The Doctor of Aleppo: A Novel
Syria’s civil war may best be chronicled as a novel. Not simply because the atrocities beggar belief and gain nothing from their nightly graphic screen images on television, but because fiction ultimately delivers facts more intimately. Predictably the names, as the saying goes, may be changed to protect the innocent. But in The Doctor of Aleppo there are no innocents. In 2011, a surgeon must cope with an unceasing stream of hideous war wounds, becoming a hero to his patients and his family. His heroism is matched by Hannah, a young American woman working in Aleppo for an environmental company. Syria is already drawing international censure.
ISIS enters the fray, another front to contend with, and slaughter multiplies and bloodies the pages. Hannah suffers terror and violence, and her Swedish boyfriend is gone. She becomes nanny to the newly widowed doctor’s children, hiding and comforting them while their home, the hospital, and whole districts are bombed. As the years pass and worsen, the chapters integrate two paths. One addresses grisly details of the doctor’s surgery and the lasting enmity caused when a young patient, the son of a military officer, dies. The second involves metaphorical and physical roadblocks to halt attempts as the doctor, Hannah, and the children’s struggle to escape by crossing the border into Turkey.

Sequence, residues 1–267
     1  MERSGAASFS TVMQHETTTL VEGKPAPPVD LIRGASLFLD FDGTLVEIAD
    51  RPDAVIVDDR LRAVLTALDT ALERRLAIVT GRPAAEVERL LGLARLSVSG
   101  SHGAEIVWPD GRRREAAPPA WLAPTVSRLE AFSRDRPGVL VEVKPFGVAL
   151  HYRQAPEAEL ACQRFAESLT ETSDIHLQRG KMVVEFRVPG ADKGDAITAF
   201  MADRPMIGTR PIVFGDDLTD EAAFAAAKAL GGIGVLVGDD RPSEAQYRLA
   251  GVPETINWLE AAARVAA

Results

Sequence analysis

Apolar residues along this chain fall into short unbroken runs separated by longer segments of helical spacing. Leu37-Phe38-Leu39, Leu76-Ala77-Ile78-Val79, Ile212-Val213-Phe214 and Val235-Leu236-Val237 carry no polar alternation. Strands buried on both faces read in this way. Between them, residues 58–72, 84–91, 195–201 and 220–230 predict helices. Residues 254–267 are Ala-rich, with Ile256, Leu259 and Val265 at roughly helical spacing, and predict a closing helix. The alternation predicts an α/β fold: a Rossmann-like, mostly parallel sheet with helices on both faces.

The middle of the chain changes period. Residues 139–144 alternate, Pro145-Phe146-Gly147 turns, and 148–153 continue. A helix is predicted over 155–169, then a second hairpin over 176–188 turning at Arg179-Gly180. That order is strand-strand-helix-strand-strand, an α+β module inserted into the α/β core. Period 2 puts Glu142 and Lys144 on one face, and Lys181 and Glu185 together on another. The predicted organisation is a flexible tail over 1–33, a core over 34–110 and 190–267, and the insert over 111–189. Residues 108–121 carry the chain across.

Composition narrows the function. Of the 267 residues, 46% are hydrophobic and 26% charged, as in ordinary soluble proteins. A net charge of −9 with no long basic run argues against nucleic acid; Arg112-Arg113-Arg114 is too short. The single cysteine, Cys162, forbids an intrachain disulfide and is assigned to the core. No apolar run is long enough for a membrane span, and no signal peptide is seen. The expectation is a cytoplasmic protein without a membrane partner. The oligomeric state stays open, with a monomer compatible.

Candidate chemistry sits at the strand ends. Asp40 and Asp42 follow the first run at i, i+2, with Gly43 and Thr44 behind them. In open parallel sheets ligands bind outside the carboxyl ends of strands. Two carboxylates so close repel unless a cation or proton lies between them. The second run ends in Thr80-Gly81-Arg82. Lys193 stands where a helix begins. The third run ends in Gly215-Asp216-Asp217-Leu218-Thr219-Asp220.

Perhaps, as the story of the war is sadly familiar, Dan Mayland’s time span could have been reduced without diminishing the impact. The pace is swift and intense, with knowledge of Aleppo’s geography complementing the significant human interaction.
|Page Count||450 pages|
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|Category||Mystery, Crime & Thriller|